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South Bay Sailor Alerts USCG to Sailboat Possibly Adrift

On Monday afternoon, South Bay sailor and Latitude reader Jon Clifford was looking out the window of his eighth-floor workspace around 2 p.m. when he saw a sailboat that appeared to be adrift. “[T]he jib had unfurled, the boat was getting blown in circles and [it] appeared that there was no one on board,” Jon wrote to us. What’s more, after using his phone camera to get a closer look, Jon saw what appeared to be a yellow jacket on the aft port side. Fearing for a sailor’s safety, he duly alerted the USCG and supplied them with photos and location details. By this time the boat appeared to be closing in on the San Mateo Bridge.

Around 40 minutes later, Jon received a call from the USCG saying they had seen a boat adrift and asking him to help guide their MH-65 Dolphin helicopter to the sailboat’s location. “The helicopter circled on scene for approximately 30 minutes and also in my guesstimation searched the water nearby before departing back north,” Jon wrote. Also during this time a fire truck appeared on the road next to the shore. The boat looked as if it was still drifting toward the bridge when Jon left work. “My main concern was that it would get into the channel and get struck by a tug or cargo ship,” he added.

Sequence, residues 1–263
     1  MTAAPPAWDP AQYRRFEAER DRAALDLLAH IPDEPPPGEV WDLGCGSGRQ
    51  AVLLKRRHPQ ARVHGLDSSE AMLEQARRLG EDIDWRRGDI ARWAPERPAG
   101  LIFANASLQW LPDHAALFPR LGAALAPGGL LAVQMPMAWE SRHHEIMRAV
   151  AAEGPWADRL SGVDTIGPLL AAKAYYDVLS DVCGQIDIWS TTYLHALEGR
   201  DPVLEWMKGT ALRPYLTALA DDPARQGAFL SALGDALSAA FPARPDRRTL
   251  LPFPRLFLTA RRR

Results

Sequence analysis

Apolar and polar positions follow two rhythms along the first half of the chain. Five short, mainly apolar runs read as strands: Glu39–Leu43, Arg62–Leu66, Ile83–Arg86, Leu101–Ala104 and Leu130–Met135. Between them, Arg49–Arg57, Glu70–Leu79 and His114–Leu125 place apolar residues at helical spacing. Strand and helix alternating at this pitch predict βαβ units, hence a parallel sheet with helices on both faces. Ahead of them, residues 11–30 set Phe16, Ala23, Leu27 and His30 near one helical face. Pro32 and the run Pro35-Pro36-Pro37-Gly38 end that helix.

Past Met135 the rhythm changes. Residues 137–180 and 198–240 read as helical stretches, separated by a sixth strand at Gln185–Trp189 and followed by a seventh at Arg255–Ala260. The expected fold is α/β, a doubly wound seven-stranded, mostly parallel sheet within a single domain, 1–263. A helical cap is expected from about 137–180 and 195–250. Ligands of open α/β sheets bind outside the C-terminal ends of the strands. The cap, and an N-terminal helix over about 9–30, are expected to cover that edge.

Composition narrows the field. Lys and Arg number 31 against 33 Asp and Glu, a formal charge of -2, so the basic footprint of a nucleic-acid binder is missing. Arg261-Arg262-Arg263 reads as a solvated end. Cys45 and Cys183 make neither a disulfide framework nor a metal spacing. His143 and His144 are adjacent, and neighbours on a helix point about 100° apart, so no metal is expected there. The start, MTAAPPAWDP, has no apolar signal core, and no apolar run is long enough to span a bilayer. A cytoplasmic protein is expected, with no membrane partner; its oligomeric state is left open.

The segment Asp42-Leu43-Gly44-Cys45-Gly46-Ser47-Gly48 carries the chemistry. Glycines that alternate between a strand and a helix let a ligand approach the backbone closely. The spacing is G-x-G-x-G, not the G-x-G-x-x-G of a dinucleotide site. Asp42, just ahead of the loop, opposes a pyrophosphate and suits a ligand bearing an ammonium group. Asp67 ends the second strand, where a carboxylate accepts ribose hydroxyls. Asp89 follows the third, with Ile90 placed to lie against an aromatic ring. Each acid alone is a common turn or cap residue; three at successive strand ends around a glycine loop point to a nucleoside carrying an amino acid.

Any time we see a boat that looks adrift, it’s cause for alarm.
© 2024 Jon Clifford

A USCG spokesperson told us on Tuesday that the San Mateo Fire Department and Coast Guard San Francisco had responded to Jon’s call. They were unable to get close to the boat with their 45-ft Response Boat — Medium as the sailboat was not in safely navigable waters. (According to the USCG’s website the 45-ft boat draws three feet four inches.)

The spokesperson advised that neither the response boat nor the  helicopter had seen any persons onboard the boat, and that they’d scoured the nearby waters for any persons in possible distress and saw no one.

The USCG report says the vessel was dragging anchor, and there was no one onboard and no sign of recent use. The vessel was not in the shipping channel or causing navigation problems. They closed the case.

At the same time, staff at the nearby Oyster Point Marina heard the San Mateo Fire Department on the radio saying they were going to look at the boat. The staff headed out in the marina’s craft to offer assistance and joined the search for possible persons in distress. We spoke with San Mateo County Harbor District Director of Operations John Moren, who said the marina staff reported that the boat was anchored and there was no one aboard, no one in distress, and no emergency.

Jon captured the following video as the Coast Guard helicopter flew over the sailboat.

This turned out to be a non-emergency. But we are grateful for everyone who takes the initiative to call in a situation that potentially is someone’s emergency. Yes, the Bay is not the open ocean, but as we all know, it can get wild out there, and Monday’s winds were at times ferocious. Besides, accidents or misfortunes can happen under any circumstances, so it behooves us all to be alert and look out for one another. We extend our thanks to Jon Clifford for taking the time to call the USCG. If nothing else, it was good practice for first responders, and a good reminder to us all to set a solid anchor!

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